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The Journal of Japanese Studies 30.2 (2004) v-x



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Notes on Contributors

David Arase is an associate professor in the Politics Department at Pomona College. He is editor of and contributor to The Challenge of Change: East Asia in the New Millennium (Institute of East Asian Studies, University of California, Berkeley, 2003). He is currently doing research on Northeast Asian economic cooperation.
Johann P. Arnason is professor emeritus of sociology at La Trobe University. He is author of The Peripheral Centre: Essays on Japanese History and Civilization (Trans Pacific Press, 2001) and Social Theory and Japanese Experience: The Dual Civilization (Kegan Paul, 1997). His latest research is on civilizational analysis and comparative historical sociology.
Jan Bardsley is an associate professor of Japanese language and literature at the University of North Carolina at Chapel Hill. She is author of "Fashioning the People's Princess: Women's Magazines, Shōda Michiko, and the Royal Wedding of 1959," U.S.-Japan Women's Journal (2002), and coeditor of a volume in progress on historical and contemporary models of transgressive women in Japan.
Robert Borgen is a professor of Japanese literature and history at the University of California, Davis. He has recently published "Stone Bridge (Shakkyō)" in Japanese Language and Literature (2003) and "Japanese War Guilt: Confessions of an Inadvertent Holocaust Denier" in Annual Report of the Institute for International Studies of Meiji Gakuin University (2000). His latest research is on Dōmyōji, a monastery/convent/shrine.
Peter Cave is an assistant professor in the Department of Japanese Studies at the University of Hong Kong. He has recently published "Teaching the History of Empire in Japan and England," International Journal of Educational Research (2003), and his current research focuses on educational reform, primary and secondary education, and history education.
Ray Christensen is an associate professor at Brigham Young University. He is author of Ending the LDP Hegemony (Hawai'i, 2000), and he is now doing research on malapportionment and gerrymandering in Japanese elections.
Millie Creighton is an associate professor in the Department of Anthropology and Sociology and the Centre for Japanese Research at the [End Page v] University of British Columbia. Her recent publications include "Spinning Silk, Weaving Selves: Gender, Nostalgia and Identity in Japanese Craft Vacations," Japanese Studies (2001), and her latest research is on Japanese aesthetic and craft traditions, popular culture, consumerism, tourism, work and leisure, and minorities.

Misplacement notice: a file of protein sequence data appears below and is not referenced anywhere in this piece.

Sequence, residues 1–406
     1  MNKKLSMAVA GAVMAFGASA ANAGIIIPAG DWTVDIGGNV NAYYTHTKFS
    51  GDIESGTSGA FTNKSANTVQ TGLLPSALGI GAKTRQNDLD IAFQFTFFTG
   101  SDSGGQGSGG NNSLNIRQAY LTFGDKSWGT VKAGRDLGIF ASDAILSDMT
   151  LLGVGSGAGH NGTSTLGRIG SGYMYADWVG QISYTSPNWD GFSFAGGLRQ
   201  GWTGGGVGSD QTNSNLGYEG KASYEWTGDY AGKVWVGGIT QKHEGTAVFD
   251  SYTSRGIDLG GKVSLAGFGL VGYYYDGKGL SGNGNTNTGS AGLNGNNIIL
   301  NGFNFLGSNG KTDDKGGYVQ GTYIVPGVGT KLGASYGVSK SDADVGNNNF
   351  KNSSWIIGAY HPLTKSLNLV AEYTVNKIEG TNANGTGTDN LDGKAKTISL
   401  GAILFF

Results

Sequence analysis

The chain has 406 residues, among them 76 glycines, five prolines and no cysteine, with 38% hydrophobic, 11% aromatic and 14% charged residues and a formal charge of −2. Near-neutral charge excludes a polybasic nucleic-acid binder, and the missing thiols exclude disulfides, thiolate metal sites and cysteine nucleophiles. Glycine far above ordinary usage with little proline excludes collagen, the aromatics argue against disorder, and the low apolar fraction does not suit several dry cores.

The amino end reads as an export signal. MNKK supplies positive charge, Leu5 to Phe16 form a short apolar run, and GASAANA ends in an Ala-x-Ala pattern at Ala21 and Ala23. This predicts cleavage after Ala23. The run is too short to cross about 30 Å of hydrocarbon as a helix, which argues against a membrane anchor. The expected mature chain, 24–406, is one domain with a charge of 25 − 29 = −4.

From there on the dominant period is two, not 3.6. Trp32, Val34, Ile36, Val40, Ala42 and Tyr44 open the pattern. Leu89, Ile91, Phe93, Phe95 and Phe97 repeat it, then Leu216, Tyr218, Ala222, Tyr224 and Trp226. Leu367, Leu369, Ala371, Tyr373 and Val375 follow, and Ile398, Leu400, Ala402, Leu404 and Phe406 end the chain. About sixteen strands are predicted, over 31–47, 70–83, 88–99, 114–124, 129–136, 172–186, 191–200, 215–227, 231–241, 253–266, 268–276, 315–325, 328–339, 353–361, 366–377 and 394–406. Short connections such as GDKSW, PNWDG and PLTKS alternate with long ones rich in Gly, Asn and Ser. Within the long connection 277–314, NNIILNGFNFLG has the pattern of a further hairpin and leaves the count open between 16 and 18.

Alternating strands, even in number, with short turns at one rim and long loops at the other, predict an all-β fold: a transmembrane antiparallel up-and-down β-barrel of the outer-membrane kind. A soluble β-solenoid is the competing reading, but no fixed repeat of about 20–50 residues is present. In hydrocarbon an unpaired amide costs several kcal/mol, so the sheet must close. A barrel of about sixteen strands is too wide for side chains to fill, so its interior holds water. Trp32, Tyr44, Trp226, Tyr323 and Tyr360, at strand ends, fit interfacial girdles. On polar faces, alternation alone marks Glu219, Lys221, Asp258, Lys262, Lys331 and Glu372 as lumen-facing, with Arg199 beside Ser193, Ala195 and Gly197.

Daniela de Carvalho is an associate professor of social science at Universidade Portucalense. Her dissertation for the University of Sheffield was titled "The Nikkeijin: Blood and Lineage" (2000), and she has recently published Migrants and Identity in Japan and Brazil: The Nikkeijin (RoutledgeCurzon, 2003).
Kevin M. Doak holds the Nippon Foundation Endowed Chair and is chairman of the Department of East Asian Languages and Cultures at Georgetown University. His recent publications include "Liberal Nationalism in Imperial Japan: The Dilemma of Nationalism and Internationalism," in Stegewerns, ed., Nationalism and Internationalism in Imperial Japan: Autonomy, Asian Brotherhood, or World Citizenship (Routledge, 2003). He is currently finishing a manuscript on "A History of Nationalism in Japan: Placing the People" for Brill Academic Publishers and continuing his research on Yoshimitsu Yoshihiko (1904-45).
Walter Edwards is a professor of Japanese studies at Tenri University. He recently published "Forging Tradition for a Holy War: The Hakkō Ichiu Tower in Miyazaki and Japanese Wartime Ideology" in JJS (2003). He continues to be involved in Japanese archaeology and with the historical treatment of Jimmu.
James L. Ford is an assistant professor of East Asian religions at Wake Forest University. He is author of "Competing with Amida: A Study and Translation of Jōkei's Miroku kōshiki," Monumenta Nipponica (2004), and continues his research on the kōshiki liturgical genre of medieval Buddhism.
Sabine Frühstück is an associate professor in the Department of East Asian Languages and Cultural Studies at the University of California, Santa Barbara. Her most recent publications include Colonizing Sex: Sexology and Social Control in Modern Japan (California, 2003), and her latest research is on military-societal relations in modern and contemporary Japan.
Tom Ginsburg is an associate professor of...

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Additional Information

ISSN
1549-4721
Print ISSN
0095-6848
Pages
pp. v-x
Launched on MUSE
2004-07-30
Open Access
No
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